• Fraud, waste and abuse inspection.
  • Claim operational policies and procedures.
  • Maximum out-of-pocket (MOOP) administration.
  • Timely forwarding of misdirected claims.

When we find a delegated entity is not compliant with contractual state and/or federal regulations, and/or UnitedHealthcare standards for claims processing, they must provide a remediation plan describing how the deficiencies will be corrected.

The remediation plan should include a time frame the deficiencies will be corrected. Delegated entities who do not correct deficiencies may be subject to additional oversight, remediation enforcement and potential de-delegation.

If the delegated entity is non-compliant, we require them to develop an Improvement Action Plan (IAP) to correct any deficiency. Problems include, but are not limited to:

  • Processing timeliness issues.
  • Failure to pay interest or penalties.
  • Failure to submit monthly/quarterly self-reported processing timeliness reports.
  • Canceling assessments.
  • Failure to submit requested claims listings.
  • Failure to have all documentation ready for a scheduled assessment.
  • Failure to provide access to canceled checks or bank statements.

When we put a delegated entity on an IAP, we place them on a cure period. A cure period is the time frame we give a delegated entity to demonstrate compliance or remain in the cure period until they achieve compliance. The cure period is based on

the Agreement but typically up to 60 days. A critical deficiency requires cure within 30 days. We conduct frequent reviews during the cure period. We may place delegated entities who do not achieve compliance within the established cure period on remediation enforcement. Remediation enforcement may consist of conducting an on-site operational assessment, stringent weekly and monthly oversight and monitoring, onsite claims management, revocation of delegated status, and/or enrollment freeze. We bill the delegated entity for all remediation enforcement activities.

When a delegated entity receives a claim for a commercial or MA member, they must assess the claim for the following before issuing a denial letter:

  • Member’s eligibility status with UnitedHealthcare on the date of service.
  • Responsible party for processing the claim (forward to proper payer).
  • Contract status of the care provider of service or referring care provider.
  • Presence of sufficient medical information to make a medical necessity determination.
  • Covered benefits.
  • Authorization for routine or in-area urgent services.
  • Maximum benefit limitation for limited benefits.
  • Prior to denial for insufficient information, the medical group/IPA/capitated facility must document their attempts to get information needed to make a determination.

When a member is financially responsible for a denied service, UnitedHealthcare or the delegated entity (whichever typically holds the risk) must provide the member with written notification of the denial decision based on federal and/or state regulatory standards.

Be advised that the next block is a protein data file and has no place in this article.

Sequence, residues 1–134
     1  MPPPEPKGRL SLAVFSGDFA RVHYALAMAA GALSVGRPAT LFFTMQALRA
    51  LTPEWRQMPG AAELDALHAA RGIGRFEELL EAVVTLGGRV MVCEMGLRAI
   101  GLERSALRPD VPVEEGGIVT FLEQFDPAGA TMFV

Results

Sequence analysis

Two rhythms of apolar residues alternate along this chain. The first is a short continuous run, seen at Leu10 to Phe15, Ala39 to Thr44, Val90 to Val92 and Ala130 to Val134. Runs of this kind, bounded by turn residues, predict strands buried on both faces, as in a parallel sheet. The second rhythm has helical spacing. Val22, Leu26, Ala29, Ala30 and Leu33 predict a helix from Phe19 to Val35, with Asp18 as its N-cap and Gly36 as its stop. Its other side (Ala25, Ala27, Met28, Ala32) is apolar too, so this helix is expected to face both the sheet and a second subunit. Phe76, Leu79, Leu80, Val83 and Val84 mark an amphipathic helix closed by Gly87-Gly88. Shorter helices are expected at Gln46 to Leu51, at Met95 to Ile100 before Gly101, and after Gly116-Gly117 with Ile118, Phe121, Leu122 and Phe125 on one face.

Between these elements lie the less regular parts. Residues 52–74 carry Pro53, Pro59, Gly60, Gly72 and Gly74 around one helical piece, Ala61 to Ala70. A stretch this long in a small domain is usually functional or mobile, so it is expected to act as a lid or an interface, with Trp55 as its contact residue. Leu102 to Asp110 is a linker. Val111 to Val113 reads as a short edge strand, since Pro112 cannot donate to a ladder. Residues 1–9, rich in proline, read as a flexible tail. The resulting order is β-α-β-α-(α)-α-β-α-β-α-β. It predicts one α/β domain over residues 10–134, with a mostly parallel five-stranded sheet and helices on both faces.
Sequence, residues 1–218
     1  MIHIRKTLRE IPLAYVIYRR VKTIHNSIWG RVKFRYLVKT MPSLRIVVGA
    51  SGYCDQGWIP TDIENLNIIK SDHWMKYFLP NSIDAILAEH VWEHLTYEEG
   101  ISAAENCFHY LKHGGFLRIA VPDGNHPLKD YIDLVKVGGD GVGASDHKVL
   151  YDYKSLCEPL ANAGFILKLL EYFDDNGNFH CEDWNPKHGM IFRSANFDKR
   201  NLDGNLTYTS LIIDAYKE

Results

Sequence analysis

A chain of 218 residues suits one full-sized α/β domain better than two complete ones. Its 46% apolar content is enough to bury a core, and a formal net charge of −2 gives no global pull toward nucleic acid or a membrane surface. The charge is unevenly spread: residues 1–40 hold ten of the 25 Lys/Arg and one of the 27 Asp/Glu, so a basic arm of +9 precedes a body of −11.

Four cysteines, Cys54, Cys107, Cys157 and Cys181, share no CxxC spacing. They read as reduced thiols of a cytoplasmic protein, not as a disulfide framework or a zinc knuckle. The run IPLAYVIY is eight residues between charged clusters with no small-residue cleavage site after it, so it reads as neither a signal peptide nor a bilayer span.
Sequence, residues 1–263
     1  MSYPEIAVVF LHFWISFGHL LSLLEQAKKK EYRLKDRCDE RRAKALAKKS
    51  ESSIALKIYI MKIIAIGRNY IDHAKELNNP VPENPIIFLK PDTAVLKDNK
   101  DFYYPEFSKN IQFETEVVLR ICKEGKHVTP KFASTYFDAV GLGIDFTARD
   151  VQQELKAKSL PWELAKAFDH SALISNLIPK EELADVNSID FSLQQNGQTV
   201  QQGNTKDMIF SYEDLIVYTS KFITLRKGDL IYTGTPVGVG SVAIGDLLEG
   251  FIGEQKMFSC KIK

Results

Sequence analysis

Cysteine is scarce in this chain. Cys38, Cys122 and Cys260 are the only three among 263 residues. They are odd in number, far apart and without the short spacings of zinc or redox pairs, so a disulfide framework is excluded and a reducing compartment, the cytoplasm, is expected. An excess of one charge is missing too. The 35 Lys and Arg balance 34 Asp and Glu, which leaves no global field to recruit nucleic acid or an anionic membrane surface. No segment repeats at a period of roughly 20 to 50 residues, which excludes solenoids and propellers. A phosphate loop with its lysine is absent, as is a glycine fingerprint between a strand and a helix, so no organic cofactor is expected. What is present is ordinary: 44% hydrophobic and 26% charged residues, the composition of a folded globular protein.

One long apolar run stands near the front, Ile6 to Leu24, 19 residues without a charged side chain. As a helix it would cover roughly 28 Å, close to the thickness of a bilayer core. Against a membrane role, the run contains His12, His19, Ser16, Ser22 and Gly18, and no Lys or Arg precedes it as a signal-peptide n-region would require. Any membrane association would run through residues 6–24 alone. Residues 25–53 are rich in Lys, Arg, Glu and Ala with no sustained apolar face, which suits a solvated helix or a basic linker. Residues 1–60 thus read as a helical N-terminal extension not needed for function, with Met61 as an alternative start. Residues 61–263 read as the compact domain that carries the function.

For MA members, the delegated entity must issue a member denial notice within the appropriate regulatory time frame.

The delegated entity must use the most current CMS-approved Notice of Denial of Payment letter template. The letter must accurately document the service provider, the service provided, the denial reason, the member’s appeal rights and instructions on how to file an appeal.

For commercial members, if the member is enrolled in a benefit plan subject to ERISA, a member’s claim denial letter must clearly state the reason for the denial and provide proper appeal rights. The denial letter must be issued to the member within 30 calendar days of claim receipt. For non-ERISA members, issue the appropriate denial letter within 45 working days.

The delegated entity remains responsible to issue appropriate denials for member-initiated, non-urgent/emergent medical services outside their defined service area.

When the member is not financially responsible for the denied service, the member does not need to be notified of the denial. The care provider must receive notification of the denial and their financial responsibility (i.e., writing the charges off for the claims payment).

UnitedHealthcare or the delegated entity’s claims department (whichever holds the risk) is responsible for providing the notification.

The denial notice (letter, EOP, or PRA) issued to any non-contracted care provider of service must state:

  1. Their appeal rights.
  2. The member is not to be balance billed.

When the member has no financial responsibility for the denied service, the denial notice issued to any contracted care provider of service must clearly state the member is not billed for the denied or adjusted charges. In addition, the contracted care provider notifies the member of their right to dispute the decision or discuss it with a care provider reviewer.